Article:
PETERSBURG, AK <p>The oldest evidence of people living on Duke Island is a 3500 hundred year old shell midden. A “midden” is really just a collection of trash, but for archaeologists like Martin Stanford, it can tell a lot about a civilization. </p>
<p> “One of the interesting things about shell middens is that our soils here are so acidic that normally they will dissolve any organic material like bone or cordage. But because the shell is made of calcium, that neutralizes the acidic conditions in the soil and that preserves things like bone and wood and other organic materials. So in shell middens like that we have found ground up bone harpoon points, cordage, like I mentioned before and even wooden tools.” </p>
<p>Stanford says the Duke Island midden is just one of 55 sites in the area with recognized historical significance. As an archaeologist, he says he is most excited by a network of 1500 year old fish traps. </p>
<p> “ You could see it from the air, it was just amazing. There were at least seven or eight different fish traps involved with this complex. It covered over half a mile of the tidal flats. And we were able to find a wooden stake that was associated with that fish trap that was dated to 1470 years ago.” </p>
<p>For tribal leaders who proposed the protection, the area’s significance is both concrete and spiritual. Ketchikan Indian Community Board Member Irene Dundas helped write the proposal. She says Duke Island has several high-profile burial sites, the remnants of Native villages, and many less-tangible sacred sites. </p>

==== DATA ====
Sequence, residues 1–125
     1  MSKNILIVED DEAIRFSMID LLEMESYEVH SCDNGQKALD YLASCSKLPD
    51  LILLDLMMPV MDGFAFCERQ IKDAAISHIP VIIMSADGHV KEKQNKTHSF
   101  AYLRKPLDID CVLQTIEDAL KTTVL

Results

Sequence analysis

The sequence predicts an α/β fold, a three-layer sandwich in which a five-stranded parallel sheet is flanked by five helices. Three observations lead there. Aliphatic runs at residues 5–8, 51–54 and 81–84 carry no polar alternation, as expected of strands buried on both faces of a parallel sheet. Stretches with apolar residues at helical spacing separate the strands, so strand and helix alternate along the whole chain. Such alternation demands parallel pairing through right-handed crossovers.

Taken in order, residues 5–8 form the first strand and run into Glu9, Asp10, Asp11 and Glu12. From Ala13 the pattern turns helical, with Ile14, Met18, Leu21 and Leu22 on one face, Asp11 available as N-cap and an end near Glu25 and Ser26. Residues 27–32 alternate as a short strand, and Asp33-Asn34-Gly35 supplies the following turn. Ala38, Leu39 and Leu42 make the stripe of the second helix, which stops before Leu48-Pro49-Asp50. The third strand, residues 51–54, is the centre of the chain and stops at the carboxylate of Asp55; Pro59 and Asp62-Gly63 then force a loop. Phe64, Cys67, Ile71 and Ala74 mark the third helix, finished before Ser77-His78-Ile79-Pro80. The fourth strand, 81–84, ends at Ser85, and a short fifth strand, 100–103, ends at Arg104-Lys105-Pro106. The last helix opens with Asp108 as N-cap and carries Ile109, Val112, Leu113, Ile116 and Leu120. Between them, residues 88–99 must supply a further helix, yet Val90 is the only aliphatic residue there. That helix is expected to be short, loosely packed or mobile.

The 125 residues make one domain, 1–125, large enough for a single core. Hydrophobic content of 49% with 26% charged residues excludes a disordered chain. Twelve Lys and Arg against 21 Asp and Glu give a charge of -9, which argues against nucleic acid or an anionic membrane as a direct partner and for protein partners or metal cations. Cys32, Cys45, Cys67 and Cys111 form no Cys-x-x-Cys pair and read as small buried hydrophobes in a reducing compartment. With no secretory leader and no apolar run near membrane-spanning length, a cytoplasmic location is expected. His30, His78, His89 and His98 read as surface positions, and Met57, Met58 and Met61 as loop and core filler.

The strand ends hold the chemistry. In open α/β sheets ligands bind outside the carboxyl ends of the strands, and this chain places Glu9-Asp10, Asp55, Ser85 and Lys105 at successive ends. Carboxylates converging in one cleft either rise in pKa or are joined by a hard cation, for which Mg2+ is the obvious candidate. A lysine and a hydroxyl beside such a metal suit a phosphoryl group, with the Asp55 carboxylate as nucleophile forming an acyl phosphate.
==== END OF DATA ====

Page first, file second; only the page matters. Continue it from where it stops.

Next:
<p>Those areas have specific names with specific Tlingit names that a particular clan or a kwáan used to go back and do ceremonies and rituals that their clan had done forever.” </p>
<p>Forest Service Tribal Liaison John Autrey says the new designation protects these sites, even if they are not visible landmarks. </p>
<p> “Sacredness isn’t always something you can locate and measure, touch or feel, and this allows for that.” </p>
<p>The official Forest Service language says the island is “eligible for listing as a traditional cultural property in the National Register of Historic Places.” What that means practically is that the Forest Service will consult with local tribes during the review process for proposed projects. </p>
<p> “But that doesn’t mean that a mine could not be developed on the land and that is a possibility in the future.” </p>
<p>That was Forest Service archaeologist Martin Stanford again. The Canadian mining company Quaterra has more than 100 claims on Duke Island. The company’s website says surface samples show high grade nickel and copper as well as platinum deposits. </p>
<p>KIC’s Dundas says the potential for mining was what spurred the tribal government to seek the "traditional cultural property" designation. </p>
<p> “But the TCP would not stop any of the mining. All the mining acts are very old and they’re grandfathered laws. So it would take an act of Congress to change them. But it, acquiring the TCP for Duke Island, would set up a little more boundaries and reporting to the Forest Service and how the Forest Service reports to a federally recognized tribe as a government-to-government relationship.” </p>
<p>Quaterra drilled several exploratory wells during previous summers, but is not drilling this year. In March, Quaterra’s on-the-ground partner Copper Ridge Explorations terminated its option in the claim. The company did not return calls for comment on future plans for the Island. </p>
<p>Duke Island is the only "traditional cultural property" in the Tongass National Forest and the first in Alaska. </p>